Last edited 1 year ago by Laura Creighton
Kat L
Kat L
1 year ago

essentially you are describing the same issues that we all seem to be having. at least for us, bernie and trump enjoyed massive support because they recognized that the two main parties were essentially the same and neither side worked for what their constituencies wanted even though they talked up a good game at election time. it’s obvious that the DNC took the nomination from bernie and that the bureaucratic swamp would never let trump take away any of their power. the election was rigged there’s no doubt about that, it’s just a matter of how people are describing it. zuck bucks and suppressing the crimes of the biden family via the media means that yes, it was stolen in a sense that people weren’t allowed to make informed choices. like i said i don’t live there so i don’t really know what is going on but it sure doesn’t seem like you are able to change anything. brexit sure didn’t result in changing anything and in canada they keep electing trudy even though so many despise him. france can’t get anything done either. so forgive me but i think we are all in a pickle so to speak.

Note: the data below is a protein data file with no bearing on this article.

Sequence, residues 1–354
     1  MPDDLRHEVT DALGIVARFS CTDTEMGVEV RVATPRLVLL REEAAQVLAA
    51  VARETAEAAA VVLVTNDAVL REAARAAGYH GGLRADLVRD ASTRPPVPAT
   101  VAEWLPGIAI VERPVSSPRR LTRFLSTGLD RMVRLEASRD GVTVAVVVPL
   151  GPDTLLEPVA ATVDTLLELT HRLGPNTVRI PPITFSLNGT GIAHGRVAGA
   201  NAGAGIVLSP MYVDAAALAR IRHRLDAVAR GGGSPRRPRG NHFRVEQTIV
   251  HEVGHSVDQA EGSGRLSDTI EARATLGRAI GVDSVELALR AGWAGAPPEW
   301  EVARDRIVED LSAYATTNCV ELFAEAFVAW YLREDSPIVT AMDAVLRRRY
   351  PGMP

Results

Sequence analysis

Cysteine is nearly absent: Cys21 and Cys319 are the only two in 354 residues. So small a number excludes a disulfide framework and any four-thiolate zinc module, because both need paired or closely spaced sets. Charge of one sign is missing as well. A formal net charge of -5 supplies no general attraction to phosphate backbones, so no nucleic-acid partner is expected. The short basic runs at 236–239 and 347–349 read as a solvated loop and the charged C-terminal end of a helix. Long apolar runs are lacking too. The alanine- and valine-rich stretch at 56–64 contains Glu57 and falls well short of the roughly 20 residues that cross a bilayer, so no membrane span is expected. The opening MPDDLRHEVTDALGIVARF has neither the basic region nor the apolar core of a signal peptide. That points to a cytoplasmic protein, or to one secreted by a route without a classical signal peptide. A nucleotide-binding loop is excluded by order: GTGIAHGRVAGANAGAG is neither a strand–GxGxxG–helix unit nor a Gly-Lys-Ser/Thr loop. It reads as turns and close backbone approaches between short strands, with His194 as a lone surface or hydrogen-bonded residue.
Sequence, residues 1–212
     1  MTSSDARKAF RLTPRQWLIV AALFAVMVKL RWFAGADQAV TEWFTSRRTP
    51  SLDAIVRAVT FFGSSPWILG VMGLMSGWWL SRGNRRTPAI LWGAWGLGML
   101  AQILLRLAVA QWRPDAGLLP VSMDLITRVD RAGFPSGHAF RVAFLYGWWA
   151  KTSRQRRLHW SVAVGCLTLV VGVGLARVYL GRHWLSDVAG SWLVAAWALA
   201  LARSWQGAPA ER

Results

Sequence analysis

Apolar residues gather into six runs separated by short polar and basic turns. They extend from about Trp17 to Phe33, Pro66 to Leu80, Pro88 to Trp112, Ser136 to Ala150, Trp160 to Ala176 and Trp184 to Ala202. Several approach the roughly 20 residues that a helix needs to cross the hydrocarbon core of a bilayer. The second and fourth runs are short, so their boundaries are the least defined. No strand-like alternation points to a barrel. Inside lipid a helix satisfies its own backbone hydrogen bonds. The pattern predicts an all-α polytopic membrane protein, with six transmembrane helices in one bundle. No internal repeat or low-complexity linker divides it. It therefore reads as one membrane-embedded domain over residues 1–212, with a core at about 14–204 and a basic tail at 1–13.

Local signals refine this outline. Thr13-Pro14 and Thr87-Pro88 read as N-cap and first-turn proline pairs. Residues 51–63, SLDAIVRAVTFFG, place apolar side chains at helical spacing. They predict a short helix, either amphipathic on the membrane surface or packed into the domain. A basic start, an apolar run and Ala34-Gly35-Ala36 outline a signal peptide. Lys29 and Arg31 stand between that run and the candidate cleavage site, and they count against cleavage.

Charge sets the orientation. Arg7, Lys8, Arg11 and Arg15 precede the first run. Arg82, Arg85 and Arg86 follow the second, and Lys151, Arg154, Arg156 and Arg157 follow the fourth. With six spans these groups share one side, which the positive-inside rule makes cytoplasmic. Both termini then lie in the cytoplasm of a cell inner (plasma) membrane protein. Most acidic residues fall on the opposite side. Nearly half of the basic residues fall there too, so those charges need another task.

Laura Creighton
Laura Creighton
1 year ago
Reply to  Kat L

Yes, but your question was whether the large number of political parties in Sweden, or Europe was the reason that we couldn’t get things done which you contrasted with the USA. I think that a paucity of political parties is evidence than the political process has suffered institutional capture by a political class.

Samuel Ross
Samuel Ross
1 year ago

It’s funny that Hitler rose to power by causing fear of the ‘other’, while our clever and capable politicians 😉 maintain their power by doing likewise.

Last edited 1 year ago by Samuel Ross
Aaron James
Aaron James
1 year ago
Reply to  Samuel Ross

wrong – current poloticians rise to power by causing fear of their own people and praising the ‘other’.

hayden eastwood
hayden eastwood
1 year ago
Reply to  Samuel Ross

It is breathtakingly blind to not see that it’s the far left that are creating the idea of the other (ie white people and men) in order to create division and then take power in exploiting it.

A Springmellon
A Springmellon
1 year ago
Reply to  Samuel Ross

It looks like the Left in the US and Europe are very much seeking to maintain their power by demonising “the other”. The other being the politicians and people who point out the failure and consequences of the Left’s naĂŻve, simplistic policies.